The planche is one of the hardest bodyweight exercises that will take you to a whole new planet. Needless to say, this skill is the reason to drag many of us to start calisthenics. It requires serious strength in all four limbs and will at least take years of strict training to get there. It is simply incredible for your shoulders, chest, back, core, arms, and wrists. If you ever reach the full planche, be sure to show it off and turn heads!

Planche Push-Up

One of the most impressive bodyweight exercises you can do. The Planche push-up is a combination of strength, flexibility, and coordination. It takes years to master this skill because it requires tremendous tricep strength to hold yourself up in that position. If you ever reach this level, you will definitely feel like your training just paid 500% in dividends.

Handstand Press-Up

The handstand press-up is a great exercise for working on your tricep and shoulder strength. It will also improve the overhead lockout in the front and back lever, and it is even harder than doing a full planche push-up.

Human Flag

human flag illustration

Another flashy skill that seems easy but is a lot harder than it looks. This move requires a tremendous amount of upper body strength, and your core will have to be superhuman in order for you to hold yourself parallel to the floor. The flag is essentially a straight-arm back lever combined with a front lever, which makes it pretty tough indeed. Also known as "side lever".

Ring Support Hold

ring support hold

Simple but powerful. Ring support holds are a great move to work on both your grip and core muscles. It activates the stabilizing muscles in the shoulders, arms, and back like nothing else. Do it with L-sit position for harder progression. It demands a great deal from all your stabilizer muscles.

Iron Cross

iron cross illustration

Even your elite street workout performer could not perform iron cross. This skill is incredibly humbling because it requires great strength in your back, arms, and shoulders. It will not only improve your coordination but also challenge the muscles around the scapulae to perform better for you on future skills.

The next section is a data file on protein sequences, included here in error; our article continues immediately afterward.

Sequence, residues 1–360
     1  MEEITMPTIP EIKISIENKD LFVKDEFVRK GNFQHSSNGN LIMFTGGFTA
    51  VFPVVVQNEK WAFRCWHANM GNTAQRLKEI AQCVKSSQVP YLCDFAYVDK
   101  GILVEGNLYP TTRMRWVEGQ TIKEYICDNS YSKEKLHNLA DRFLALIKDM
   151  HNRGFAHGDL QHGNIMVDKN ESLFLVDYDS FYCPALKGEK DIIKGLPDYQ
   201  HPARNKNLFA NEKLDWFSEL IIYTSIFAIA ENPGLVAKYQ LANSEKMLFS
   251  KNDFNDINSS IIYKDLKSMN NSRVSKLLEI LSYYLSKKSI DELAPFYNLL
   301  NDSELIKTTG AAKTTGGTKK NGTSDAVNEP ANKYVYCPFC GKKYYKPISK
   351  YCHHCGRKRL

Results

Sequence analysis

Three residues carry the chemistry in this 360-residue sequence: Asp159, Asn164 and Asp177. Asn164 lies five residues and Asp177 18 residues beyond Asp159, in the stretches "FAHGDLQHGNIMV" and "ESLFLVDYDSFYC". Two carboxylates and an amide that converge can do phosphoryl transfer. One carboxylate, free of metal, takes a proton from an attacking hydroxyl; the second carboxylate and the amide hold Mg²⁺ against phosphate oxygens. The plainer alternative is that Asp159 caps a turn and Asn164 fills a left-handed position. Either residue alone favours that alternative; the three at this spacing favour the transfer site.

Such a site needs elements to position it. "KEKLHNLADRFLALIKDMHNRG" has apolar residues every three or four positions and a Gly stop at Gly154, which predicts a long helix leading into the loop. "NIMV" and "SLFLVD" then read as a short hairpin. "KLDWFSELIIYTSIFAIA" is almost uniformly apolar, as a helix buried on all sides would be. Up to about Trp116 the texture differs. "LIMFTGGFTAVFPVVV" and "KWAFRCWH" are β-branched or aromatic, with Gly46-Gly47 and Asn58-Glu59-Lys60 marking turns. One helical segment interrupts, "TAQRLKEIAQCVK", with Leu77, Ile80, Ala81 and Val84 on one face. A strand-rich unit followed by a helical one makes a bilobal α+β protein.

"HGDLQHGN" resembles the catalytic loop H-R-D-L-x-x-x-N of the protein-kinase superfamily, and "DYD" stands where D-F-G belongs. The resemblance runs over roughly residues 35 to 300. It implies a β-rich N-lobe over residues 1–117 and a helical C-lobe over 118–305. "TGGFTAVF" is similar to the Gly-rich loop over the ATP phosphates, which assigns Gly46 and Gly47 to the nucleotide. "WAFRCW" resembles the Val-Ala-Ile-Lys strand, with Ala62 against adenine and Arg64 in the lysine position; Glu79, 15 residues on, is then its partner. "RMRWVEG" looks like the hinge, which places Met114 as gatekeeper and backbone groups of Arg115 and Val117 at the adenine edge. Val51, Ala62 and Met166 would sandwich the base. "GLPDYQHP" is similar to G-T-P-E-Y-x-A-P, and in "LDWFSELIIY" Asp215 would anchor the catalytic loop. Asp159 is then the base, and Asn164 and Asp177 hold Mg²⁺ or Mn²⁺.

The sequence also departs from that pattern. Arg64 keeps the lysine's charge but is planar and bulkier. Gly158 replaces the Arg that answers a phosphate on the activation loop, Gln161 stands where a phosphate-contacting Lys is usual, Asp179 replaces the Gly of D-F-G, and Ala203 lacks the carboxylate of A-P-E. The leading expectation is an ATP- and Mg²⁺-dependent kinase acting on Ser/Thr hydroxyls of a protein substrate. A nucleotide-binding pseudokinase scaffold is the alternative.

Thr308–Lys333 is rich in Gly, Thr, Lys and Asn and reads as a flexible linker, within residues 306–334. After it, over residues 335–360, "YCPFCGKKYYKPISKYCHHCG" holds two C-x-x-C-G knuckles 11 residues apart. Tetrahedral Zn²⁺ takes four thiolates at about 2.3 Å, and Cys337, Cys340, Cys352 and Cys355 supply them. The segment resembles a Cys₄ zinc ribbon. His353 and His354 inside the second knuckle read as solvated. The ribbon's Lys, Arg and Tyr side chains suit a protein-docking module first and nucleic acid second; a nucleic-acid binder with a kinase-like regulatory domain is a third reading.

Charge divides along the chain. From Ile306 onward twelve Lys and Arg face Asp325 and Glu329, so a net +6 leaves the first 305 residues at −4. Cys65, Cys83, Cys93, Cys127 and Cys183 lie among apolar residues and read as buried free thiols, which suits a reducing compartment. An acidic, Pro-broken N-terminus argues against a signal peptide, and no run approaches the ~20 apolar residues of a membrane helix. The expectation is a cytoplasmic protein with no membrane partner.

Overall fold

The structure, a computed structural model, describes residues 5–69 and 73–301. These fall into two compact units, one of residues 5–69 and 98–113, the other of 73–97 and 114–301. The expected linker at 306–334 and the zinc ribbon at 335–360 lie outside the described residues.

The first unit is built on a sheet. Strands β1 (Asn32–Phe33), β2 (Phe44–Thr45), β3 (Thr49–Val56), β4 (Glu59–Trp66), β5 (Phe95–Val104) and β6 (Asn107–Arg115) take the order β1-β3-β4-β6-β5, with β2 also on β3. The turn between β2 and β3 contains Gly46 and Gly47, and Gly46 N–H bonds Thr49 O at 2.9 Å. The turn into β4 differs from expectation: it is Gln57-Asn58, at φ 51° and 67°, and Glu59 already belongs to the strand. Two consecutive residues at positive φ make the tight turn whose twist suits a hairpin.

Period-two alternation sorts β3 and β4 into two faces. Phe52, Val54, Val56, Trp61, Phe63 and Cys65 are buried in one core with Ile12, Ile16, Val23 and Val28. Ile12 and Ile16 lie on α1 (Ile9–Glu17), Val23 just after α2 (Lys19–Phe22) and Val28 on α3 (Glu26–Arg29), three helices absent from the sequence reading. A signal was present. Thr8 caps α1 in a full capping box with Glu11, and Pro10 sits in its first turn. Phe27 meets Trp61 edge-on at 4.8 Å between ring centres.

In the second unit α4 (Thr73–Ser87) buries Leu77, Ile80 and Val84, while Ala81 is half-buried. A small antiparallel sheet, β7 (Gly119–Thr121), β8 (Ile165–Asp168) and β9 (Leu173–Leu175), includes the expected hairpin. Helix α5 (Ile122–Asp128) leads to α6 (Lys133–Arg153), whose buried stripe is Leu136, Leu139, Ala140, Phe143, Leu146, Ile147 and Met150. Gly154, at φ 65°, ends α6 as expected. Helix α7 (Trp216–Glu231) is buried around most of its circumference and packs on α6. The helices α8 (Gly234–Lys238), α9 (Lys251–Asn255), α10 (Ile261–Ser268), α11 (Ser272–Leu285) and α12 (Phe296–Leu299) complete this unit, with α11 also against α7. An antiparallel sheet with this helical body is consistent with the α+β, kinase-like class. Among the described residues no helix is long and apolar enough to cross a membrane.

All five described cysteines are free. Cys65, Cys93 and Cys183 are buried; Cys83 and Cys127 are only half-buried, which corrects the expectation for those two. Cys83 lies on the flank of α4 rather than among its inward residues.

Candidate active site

Legless Rope Climb

rope climb illustration

The legless rope climb is a great exercise to work on all your pulling muscles as well as grip and core strength. It can be taxing on the body so make sure you have enough general physical preparation before attempting it.

One Arm Pull-Up

one arm pull up

The hardest pull-up variation you can do. Few people have succeeded in reaching this level and it requires a huge amount of strength in your lats, biceps, grip, and core muscles. Regular pull up will be like child play for you after this skill.

One Arm Chin-Up

The one arm chin-up is a great exercise for all of your pulling muscles. You can gradually work on it by using the false grip and performing the one arm pull-up drill to get your lats strong enough so you can finally do a regular chin-up with one arm.

Skin the Cat

The skin the cat is a great exercise to work on your body awareness, coordination, and strength in your shoulder. It can be an essential part of your exercise progression for every other skill that requires the pulling muscles to be stronger than your push muscles. Also known as "cat climb" or "reverse muscle up".

German Hang

german hang

It requires your lats to be strong enough so you can lift your body with one arm while keeping the length in your spine. This exercise develops great pulling strength which will come in handy for many other skills down the road.

Pseudo Planche Push-Up

It is an impressive combination of strength and flexibility. It requires tremendous tricep strength to keep yourself parallel to the floor while doing a push-up with your feet elevated on a box, low bar, or other object. The pike position will especially activate the hard-to-target muscles around the shoulder blades that are responsible for keeping the scapulae in place.

Back Lever

back lever illustration

The back lever is a great exercise to develop tremendous pulling strength. It will also improve your overhead lockout in the front and back lever, along with your core stability muscles to help you keep yourself parallel to the floor. Back lever is also easier to acquire than the front lever.

Front Lever

front lever illustration

Another great pulling exercise that requires a strong back and grip. Improve your overhand grip strength by doing front levers on a low bar, rings, or even paralletes. It resembles an advanced straight-arm pullover with a scapular retraction which makes it pretty unique.

Back Bridge

A great move to develop full-body tension for an advanced level in your calisthenics. It requires many muscles to keep the straight form and it will strengthen your grip, hip flexors, back, shoulders, arms to help you progress faster with the advanced exercises.

Dragon Flag

dragon flag illustration

Many refer to the dragon flag as the ultimate core exercise because it requires you to use every core muscle there is. It also activates the erector spinae which are pretty much inactive in most people and it will give your abs the strength and challenge they need for a six-pack.